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Paolo Forti, Ermanno Galli, Antonio Rossi - (36/3,2007)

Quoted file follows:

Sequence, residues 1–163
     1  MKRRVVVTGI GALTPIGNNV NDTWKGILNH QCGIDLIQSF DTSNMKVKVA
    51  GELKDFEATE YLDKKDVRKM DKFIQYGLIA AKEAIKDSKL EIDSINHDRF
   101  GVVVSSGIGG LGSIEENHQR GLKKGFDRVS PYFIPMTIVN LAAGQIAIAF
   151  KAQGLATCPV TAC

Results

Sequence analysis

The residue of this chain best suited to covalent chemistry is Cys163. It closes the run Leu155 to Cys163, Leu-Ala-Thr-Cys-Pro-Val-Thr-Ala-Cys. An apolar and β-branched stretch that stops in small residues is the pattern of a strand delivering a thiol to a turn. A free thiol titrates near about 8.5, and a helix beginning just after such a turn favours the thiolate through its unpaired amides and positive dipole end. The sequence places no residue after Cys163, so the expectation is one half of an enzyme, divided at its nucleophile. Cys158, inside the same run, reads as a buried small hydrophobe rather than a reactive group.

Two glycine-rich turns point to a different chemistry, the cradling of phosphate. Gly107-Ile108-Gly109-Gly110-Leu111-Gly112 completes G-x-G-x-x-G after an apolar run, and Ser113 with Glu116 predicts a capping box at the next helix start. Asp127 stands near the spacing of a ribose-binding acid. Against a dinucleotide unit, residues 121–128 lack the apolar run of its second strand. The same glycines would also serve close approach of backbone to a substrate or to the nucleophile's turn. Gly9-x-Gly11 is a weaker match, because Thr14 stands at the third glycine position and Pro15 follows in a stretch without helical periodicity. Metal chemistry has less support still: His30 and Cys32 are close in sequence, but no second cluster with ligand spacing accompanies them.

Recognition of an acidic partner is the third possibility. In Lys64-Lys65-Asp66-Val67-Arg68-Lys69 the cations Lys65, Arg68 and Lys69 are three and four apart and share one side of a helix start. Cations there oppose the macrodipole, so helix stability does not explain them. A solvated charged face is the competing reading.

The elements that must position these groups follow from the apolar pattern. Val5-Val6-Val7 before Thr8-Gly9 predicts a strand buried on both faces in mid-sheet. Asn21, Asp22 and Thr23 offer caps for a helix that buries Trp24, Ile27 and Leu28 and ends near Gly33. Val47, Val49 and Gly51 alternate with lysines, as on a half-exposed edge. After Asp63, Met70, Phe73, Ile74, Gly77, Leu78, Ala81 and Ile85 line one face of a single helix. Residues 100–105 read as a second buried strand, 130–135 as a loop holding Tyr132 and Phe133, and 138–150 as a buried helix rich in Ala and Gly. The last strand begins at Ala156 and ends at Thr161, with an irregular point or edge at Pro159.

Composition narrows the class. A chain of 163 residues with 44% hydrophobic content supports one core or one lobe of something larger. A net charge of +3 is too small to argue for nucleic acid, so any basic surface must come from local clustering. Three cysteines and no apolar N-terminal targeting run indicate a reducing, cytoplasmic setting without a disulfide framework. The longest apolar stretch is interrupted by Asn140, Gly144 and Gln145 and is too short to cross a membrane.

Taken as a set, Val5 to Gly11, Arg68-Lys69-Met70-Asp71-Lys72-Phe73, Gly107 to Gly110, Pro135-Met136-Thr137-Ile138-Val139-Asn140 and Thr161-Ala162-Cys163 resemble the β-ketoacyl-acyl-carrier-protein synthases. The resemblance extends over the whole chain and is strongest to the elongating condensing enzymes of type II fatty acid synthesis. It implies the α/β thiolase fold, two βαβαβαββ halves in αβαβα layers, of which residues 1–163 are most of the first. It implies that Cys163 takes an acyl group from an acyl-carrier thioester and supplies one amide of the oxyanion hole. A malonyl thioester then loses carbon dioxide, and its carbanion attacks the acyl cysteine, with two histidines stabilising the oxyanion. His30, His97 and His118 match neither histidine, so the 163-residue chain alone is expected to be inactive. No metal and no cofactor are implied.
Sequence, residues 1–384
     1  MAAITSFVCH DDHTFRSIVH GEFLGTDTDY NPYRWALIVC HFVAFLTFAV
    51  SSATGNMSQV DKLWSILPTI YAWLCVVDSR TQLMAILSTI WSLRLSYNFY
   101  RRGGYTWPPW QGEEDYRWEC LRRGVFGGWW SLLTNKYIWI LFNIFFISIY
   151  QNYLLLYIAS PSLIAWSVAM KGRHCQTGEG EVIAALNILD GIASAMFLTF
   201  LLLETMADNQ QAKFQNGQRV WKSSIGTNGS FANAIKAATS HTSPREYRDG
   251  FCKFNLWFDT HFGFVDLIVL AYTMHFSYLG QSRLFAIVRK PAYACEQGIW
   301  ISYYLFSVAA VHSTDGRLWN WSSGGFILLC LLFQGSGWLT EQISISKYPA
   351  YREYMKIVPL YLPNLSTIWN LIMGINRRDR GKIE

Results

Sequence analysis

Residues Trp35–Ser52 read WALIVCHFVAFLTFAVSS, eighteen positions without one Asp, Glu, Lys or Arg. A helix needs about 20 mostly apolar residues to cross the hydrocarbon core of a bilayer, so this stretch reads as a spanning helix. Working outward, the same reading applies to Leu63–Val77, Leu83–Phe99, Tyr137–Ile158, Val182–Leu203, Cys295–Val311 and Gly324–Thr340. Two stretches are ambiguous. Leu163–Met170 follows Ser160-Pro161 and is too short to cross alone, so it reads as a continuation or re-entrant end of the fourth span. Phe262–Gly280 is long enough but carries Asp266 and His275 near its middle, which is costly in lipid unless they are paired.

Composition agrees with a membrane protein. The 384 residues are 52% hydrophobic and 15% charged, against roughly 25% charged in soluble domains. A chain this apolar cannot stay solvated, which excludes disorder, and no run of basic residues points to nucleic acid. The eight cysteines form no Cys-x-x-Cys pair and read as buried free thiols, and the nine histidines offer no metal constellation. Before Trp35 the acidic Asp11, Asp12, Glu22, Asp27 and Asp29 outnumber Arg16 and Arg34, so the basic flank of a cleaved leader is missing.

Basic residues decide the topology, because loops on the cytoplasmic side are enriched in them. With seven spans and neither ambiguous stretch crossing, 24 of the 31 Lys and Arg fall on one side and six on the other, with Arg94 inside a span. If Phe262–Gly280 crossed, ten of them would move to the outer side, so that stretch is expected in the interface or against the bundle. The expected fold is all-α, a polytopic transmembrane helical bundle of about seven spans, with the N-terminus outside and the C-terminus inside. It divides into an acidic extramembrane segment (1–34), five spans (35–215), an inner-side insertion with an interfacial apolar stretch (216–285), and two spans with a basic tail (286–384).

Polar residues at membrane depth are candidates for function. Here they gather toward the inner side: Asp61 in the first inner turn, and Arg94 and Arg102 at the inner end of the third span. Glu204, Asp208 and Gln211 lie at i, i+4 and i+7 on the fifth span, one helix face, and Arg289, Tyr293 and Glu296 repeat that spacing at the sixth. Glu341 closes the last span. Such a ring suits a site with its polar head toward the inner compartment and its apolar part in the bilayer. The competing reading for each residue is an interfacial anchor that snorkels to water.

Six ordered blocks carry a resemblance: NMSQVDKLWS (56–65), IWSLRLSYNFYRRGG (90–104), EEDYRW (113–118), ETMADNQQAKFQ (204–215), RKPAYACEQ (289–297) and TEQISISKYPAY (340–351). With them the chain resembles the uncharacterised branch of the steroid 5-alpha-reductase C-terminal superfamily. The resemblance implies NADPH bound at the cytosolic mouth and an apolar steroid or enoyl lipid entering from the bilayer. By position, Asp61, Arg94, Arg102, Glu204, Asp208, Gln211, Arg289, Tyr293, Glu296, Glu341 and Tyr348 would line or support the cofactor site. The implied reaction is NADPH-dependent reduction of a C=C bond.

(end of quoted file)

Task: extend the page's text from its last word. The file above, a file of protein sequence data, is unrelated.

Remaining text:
The Cueva de las Velas is the last cave unveiled at -290 level within the Naica Mine; the cavity has been intercepted by a mine gallery at the beginning of 2005. One of its peculiarities is the widespread thick deposits of diagenetic minerals deposited over the cave walls before the beginning of the evolution of the giant gypsum crystals. These deposits consist of complex, often scarcely crystalline iron-manganese-lead oxides-hydroxides, but carbonates, sulphates and silicates are also present. Other minerals, mainly sulphates, started developing just after this area of the mine was dewatered some 20 years ago. Presently 17 different minerals have been observed, 5 of which (orientite, starkeyite, szmolnokite, szmikite and woodruffite) are completely new for the cavern environment. The study of these minerals, together with the presence of a completely new type of gypsum crystals, allowed to improve the knowledge on the speleogenetic evolution of this cave, which seems to be by far more complex than that of the other cavity of the -290 level. Its complexity is reflected by the activity of a larger number of different speleogenetic mechanisms. Among them are worth of mention the thermal corrosion/dissolution, the anhydrite- gypsum disequilibrium, the acid aggression, and the capillary migration and evaporation.
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